An airstrike in Eastern Ghouta Tuesday killed 15 children and two women who were in an underground school, a Syria monitor said.
Bombardment in Eastern Ghouta, with Russian air support, has so far killed at least 1,250 people. Activists said hundreds of civilians were arrested as they attempted to leave the area, adding that air raids on Monday killed at least eight civilians.
The group killed Tuesday were hiding in the school to escape government and Russian raids in the southern Syria town of Arbin, according to the Syrian Observatory for Human Rights.
The United Nations said at least 20,000 people have fled Eastern Ghouta since the bombings began several weeks ago. The 300,000 remaining in the enclave face shortages of food and medical supplies.
Monday, Syrian President Bashar al-Assad visited Eastern Ghouta, the Damascus suburb newly recaptured by government forces, in a rare public appearance.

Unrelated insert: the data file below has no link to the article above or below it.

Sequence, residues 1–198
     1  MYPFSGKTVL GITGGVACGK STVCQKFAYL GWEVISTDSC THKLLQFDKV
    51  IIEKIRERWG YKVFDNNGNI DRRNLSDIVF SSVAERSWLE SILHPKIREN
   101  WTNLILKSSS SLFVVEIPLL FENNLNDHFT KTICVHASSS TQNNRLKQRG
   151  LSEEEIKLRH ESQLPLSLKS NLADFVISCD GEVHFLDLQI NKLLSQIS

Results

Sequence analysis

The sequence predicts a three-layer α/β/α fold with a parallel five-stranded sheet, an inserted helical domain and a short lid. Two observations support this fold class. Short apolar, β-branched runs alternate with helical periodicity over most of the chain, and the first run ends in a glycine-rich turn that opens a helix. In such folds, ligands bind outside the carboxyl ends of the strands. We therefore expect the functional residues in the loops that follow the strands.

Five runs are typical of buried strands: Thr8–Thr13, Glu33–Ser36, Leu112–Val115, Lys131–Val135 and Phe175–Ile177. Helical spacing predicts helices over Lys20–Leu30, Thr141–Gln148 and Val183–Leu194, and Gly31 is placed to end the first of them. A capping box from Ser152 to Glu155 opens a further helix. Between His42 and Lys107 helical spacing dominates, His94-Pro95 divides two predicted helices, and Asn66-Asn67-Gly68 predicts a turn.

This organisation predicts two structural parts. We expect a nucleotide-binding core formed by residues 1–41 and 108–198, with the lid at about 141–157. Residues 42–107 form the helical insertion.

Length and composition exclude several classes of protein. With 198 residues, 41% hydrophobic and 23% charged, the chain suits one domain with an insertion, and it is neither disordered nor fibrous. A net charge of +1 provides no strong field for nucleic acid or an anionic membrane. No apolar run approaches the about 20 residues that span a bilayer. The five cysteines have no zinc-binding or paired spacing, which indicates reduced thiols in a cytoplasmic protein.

Assad also greeted cheering Syrian troops days earlier, after his military announced that 80 percent of the area had been retaken from anti-government forces that have held the territory since 2013.
The National Coalition for Syrian Revolutionary and Opposition Forces said the school was deliberately targeted by Russia. Moscow has previously denied carrying out airstrikes on civilians.
Monday, a letter was sent to all 15 United Nations Security Council members expressing concerns about the failure to demand a cease-fire throughout Syria. Along with the United States, the letter was signed by France, Kuwait, Sweden, Peru, Poland, Britain and the Netherlands.
Russia blocked the meeting — with China, Kazakhstan and Bolivia — and said the Security Council should not be discussing human rights, and should instead stick with discussions about ensuring international peace and security.
Three countries abstained from voting, which canceled the meeting due to the council’s requirement of nine “yes” votes.
By Susan McFarland